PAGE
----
The U.S. Bureau of Reclamation began construction of Grand Coulee Dam in 1933 as the key structure in its multipurpose Columbia Basin Project. It has since become the linchpin in harnessing the second largest river in the United States. It took nine years to build Grand Coulee Dam, but even more years of battling and political maneuvering before construction started. While it was recognized early in the century that the Columbia Basin had rich farmland that needed only water to flourish, the method for providing that water caused much controversy. A Spokane group insisted upon a 134- mile gravity flow canal from Lake Pend Oreille to the Basin, while a Wenatchee/central Washington group favored building a big dam on the Columbia at Grand Coulee. The battle raged for 13 years. At its conclusion, President Franklin D. Roosevelt authorized $60 million to get the dam project started.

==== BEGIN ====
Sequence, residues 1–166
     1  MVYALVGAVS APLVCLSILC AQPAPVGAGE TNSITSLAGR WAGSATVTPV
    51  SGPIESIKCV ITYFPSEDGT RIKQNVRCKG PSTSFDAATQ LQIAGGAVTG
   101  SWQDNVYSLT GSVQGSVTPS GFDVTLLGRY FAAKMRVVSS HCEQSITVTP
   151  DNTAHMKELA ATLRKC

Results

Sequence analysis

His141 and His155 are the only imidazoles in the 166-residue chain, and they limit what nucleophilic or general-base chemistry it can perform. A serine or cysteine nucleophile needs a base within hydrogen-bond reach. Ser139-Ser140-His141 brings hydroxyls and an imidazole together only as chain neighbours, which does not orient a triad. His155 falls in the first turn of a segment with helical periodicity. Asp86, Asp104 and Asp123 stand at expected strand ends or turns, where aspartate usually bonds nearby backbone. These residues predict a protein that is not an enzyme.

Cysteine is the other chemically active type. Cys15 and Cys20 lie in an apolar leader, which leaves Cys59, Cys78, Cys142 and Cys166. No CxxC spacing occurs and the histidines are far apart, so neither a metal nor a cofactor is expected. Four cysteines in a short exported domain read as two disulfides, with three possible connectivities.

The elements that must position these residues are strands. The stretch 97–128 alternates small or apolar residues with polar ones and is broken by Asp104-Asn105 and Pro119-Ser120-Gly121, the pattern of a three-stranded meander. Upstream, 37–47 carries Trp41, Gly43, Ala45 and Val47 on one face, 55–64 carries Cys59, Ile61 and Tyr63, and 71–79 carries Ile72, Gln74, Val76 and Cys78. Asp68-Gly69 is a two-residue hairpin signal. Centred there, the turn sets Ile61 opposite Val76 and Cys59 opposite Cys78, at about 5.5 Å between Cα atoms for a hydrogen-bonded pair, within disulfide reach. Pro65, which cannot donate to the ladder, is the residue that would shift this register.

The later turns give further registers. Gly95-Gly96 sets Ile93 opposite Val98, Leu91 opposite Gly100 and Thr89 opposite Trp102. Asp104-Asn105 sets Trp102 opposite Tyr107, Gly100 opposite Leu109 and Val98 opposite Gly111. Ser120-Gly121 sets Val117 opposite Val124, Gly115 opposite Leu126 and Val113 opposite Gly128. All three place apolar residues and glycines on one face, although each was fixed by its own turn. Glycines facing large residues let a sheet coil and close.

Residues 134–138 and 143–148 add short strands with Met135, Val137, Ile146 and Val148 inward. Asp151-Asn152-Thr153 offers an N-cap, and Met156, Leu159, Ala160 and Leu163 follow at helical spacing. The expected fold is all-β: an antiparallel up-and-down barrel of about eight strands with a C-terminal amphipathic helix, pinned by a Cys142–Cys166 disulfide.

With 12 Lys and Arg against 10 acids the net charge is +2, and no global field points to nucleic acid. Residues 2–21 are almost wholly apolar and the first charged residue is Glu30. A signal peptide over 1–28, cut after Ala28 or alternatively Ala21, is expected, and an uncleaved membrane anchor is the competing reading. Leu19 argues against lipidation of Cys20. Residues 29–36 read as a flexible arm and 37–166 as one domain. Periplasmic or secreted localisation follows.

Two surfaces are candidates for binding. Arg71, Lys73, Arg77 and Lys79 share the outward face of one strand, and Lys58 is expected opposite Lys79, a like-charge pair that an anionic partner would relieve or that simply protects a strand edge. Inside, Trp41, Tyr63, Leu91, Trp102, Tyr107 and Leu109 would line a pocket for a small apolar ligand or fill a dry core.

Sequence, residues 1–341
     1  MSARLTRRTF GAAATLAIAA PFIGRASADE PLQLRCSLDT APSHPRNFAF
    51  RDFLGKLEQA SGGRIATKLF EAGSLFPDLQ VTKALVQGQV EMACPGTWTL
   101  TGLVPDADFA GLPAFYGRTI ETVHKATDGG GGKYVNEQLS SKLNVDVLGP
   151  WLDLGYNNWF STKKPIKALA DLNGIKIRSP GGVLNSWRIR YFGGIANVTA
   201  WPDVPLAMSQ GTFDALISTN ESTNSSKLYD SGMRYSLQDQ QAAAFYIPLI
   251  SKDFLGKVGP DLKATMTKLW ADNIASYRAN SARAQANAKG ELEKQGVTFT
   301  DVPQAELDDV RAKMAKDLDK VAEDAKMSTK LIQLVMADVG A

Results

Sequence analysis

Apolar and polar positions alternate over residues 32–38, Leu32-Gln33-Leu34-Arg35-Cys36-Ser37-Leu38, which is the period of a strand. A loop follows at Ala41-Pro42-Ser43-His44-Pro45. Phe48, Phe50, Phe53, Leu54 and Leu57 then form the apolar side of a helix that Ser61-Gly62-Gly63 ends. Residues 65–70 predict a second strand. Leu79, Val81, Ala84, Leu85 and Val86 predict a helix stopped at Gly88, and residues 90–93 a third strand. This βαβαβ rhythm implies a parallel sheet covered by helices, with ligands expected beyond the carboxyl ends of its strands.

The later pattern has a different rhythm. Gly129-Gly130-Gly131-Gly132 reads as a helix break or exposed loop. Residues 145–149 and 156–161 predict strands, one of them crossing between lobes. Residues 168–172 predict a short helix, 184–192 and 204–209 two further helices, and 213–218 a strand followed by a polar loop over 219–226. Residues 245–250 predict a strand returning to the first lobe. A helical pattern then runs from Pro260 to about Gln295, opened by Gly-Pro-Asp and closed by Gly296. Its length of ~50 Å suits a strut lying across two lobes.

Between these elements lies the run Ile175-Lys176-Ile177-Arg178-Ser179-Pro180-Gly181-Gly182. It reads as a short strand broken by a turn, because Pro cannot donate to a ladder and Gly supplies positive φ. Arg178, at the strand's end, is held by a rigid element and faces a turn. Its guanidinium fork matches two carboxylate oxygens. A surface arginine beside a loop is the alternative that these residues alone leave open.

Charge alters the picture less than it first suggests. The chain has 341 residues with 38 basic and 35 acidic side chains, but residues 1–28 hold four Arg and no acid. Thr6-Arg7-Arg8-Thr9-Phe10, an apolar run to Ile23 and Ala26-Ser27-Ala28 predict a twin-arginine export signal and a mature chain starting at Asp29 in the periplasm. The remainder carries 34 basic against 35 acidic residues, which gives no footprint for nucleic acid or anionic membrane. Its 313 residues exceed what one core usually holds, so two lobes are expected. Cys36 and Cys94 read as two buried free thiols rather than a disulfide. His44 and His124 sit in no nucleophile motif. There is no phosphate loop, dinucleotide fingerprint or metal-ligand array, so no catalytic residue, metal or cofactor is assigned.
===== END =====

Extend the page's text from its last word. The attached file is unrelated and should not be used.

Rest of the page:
In the Grand Coulee, life changed dramatically and quickly once work on the dam began in 1933. Not only did the undertaking of this massive project change forever the shape of the river, but overnight it created towns where nothing but sagebrush, sand and rocks had previously existed.
Thousands came to the Grand Coulee looking for work in the midst of the Depression. They worked around the clock to finish the dam by 1942.